Childbirth and Children

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Childbirth and Children


Prenatal Care. Death in childbirth and infant mortality were common. The average number of children born to a husband and wife is unknown, but typically two to four children per family survived early childhood. Women sought protection for themselves and their unborn infants through the magical powers of amulets, herbal potions, rituals, and incantations. During the first millennium b.c.e. a pregnant woman might wear an amulet shaped like the head of the dog-faced demon Pazuzu to chase away the goddess Lamashtu, the daughter of the sky god Anu. Represented as having the head of a lion, the teeth of a donkey, naked breasts, a hairy body, stained hands, and long fingers and fingernails as well as bird talons, Lamashtu was believed to slip into the house, where she might cause a miscarriage or a crib death. She was also thought to kidnap babies from their wet nurses. If a woman became ill during pregnancy, woolen material was thoroughly soaked with a magical potion and placed in her vagina twice daily. This treatment was applied in addition to anointing and bandaging.

Childbirth. Mesopotamian medical texts describe “female problems” related to pregnancy and childbirth. There were many treatments for a woman with complications after childbirth. Midwives helped a woman during delivery, and female relatives might also be present. During childbirth, a woman was given tree bark to chew; her stomach was massaged with an ointment; and a magic rolling pin was rolled over her body. Myths and incantations were recited, including the Epic of Atra-hasis. In this tale, the god Enlil has decided to flood the earth and rid it of mankind because their noise is disturbing to the gods. Ea, the god of wisdom, helps to save Atra-hasis and his family, who ride out the flood in a boat Atra-hasis has built. After the flood Ea instructs the goddess Nintu to create three new classes of human beings whose existence will keep the earth from becoming overpopulated (and noisy) again: women unable to bear children; babies who are snatched by demons during childbirth; and priestesses who remain celibate. A magical medical incantation called A Cow of Sin was recited. It describes the moon god Sin’s consort, who is in the form of a cow and having a difficult delivery. Anu, the chief god, eases her labor by rubbing her with oil and “waters of labor pangs” (that is, amniotic fluid). The incantation concludes, “Just as Maid-of-the-Moon-God gave birth easily, so may this girl in labor give birth.”

Labor and Delivery. The dangers of childbirth are described in an elegy constructed as a series of dialogues between a husband and wife and their prayers to the mother goddess, who remains unmoved:

“Why are you adrift, like a boat, in the midst of the river,

Your rungs in pieces, your mooring rope cut?”

“… The day I bore the fruit, how happy I was,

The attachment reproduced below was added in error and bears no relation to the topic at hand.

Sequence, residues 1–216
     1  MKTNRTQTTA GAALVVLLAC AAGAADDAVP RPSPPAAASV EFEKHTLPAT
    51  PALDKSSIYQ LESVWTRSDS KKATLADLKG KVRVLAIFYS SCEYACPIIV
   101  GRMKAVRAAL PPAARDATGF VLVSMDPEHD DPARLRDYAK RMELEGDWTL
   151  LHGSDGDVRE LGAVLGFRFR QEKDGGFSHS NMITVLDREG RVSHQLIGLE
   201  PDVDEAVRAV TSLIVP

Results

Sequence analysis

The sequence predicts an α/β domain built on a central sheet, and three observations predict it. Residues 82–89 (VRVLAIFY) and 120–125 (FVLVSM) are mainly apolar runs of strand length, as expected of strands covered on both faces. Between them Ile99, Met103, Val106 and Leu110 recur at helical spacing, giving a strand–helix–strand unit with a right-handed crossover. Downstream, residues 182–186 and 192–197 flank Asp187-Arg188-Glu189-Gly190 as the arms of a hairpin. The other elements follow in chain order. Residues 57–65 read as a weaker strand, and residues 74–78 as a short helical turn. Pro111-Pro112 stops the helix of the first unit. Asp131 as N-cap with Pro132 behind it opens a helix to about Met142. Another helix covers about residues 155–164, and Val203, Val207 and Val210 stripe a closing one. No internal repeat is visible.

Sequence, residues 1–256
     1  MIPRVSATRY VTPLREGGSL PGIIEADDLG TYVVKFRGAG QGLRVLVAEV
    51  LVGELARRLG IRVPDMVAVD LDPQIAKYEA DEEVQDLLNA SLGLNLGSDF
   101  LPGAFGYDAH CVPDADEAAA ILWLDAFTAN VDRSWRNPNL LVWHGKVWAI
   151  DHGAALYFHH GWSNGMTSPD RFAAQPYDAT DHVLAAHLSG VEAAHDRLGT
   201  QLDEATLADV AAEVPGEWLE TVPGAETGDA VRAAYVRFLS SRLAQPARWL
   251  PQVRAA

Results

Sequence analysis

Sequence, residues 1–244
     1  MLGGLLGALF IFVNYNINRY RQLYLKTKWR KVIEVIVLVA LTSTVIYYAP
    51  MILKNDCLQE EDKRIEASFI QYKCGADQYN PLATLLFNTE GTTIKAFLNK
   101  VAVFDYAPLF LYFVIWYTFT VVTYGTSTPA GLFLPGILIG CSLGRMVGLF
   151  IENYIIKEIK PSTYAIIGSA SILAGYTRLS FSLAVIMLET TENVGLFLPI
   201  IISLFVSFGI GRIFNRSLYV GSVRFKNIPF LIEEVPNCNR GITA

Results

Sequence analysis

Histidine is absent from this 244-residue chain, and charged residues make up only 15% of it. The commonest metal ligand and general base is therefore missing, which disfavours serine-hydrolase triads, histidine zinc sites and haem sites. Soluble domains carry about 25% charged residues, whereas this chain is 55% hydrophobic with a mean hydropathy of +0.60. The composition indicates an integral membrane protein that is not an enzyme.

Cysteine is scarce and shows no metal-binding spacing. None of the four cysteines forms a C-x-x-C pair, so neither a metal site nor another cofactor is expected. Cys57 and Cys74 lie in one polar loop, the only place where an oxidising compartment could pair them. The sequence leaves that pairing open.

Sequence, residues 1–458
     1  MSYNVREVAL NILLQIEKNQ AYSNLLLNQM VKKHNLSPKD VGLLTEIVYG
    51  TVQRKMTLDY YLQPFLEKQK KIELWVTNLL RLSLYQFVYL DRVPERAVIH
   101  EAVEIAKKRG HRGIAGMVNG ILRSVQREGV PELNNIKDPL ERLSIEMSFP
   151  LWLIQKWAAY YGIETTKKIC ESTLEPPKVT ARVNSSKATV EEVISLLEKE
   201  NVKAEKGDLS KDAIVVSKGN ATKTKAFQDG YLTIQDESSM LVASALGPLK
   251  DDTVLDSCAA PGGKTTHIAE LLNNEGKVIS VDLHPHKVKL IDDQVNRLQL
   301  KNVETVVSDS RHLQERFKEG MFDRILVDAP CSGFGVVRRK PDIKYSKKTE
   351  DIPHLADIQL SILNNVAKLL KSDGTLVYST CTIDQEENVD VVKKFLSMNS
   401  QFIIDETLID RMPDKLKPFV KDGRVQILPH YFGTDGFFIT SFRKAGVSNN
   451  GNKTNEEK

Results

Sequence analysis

Happy was I, happy my husband.

The day of my going into labor, my face became darkened,

The day of my giving birth, my eyes became clouded.

With open hands I prayed to the Lady of the gods (the mother goddess)

You are the mother of those who have borne a child, save my life!”

Hearing this, the Lady of the gods veiled her face (saying),

“… Why do you keep praying to me?”

[My husband, who loved me], uttered a cry,

“Why do you take from me the wife in whom I rejoice?”

“… [All] those [many] days I was with my husband,

I lived with him who was my lover.

Death came creeping into my bedroom:

It drove me from my house,

It tore me from my husband.…” (Reiner)

Many Sumerian and Akkadian rituals were recited during pregnancy and delivery, sometimes to save a child stuck in the womb and free the baby to the waiting midwife.

The woman having a difficult delivery … is in great difficulty. The baby is held fast. … she who is creating a child

is shrouded in the dust of death. Her eyes fail, she cannot see; her lips are sealed, she cannot open them. … She wears no veil, she has no shame. “Stand by me,… O merciful Marduk! Now am I surrounded with trouble. Reach out to me! Bring forth that sealed up one (the baby), creature of the gods, as a human creature; let him come forth! Let him see the light!” (Lambert)

Birth Abnormalities. The omen series Shumma izbu, “If a malformed newborn,” is a collection of birth abnormalities dating back to the Old Babylonian period (circa 1894 - circa 1595 b.c.e.). The series was widely copied, with exemplars found at Boghazköy (ancient Hattusa) in central Anatolia, at Ugarit in western Syria, and throughout Assyria and Babylonia. It lists deformities such as a child born with only one foot, Siamese twins, and a hermaphrodite. Some deformities listed are “theoretical,” including newborns with two, three, four, and five heads. A malformed infant was viewed as an evil omen. First, a ritual was performed, and then the baby’s body was thrown into a river. Omen collections and magical texts carefully describe infant and childhood diseases, but medical texts, which prescribe treatments, do not mention them.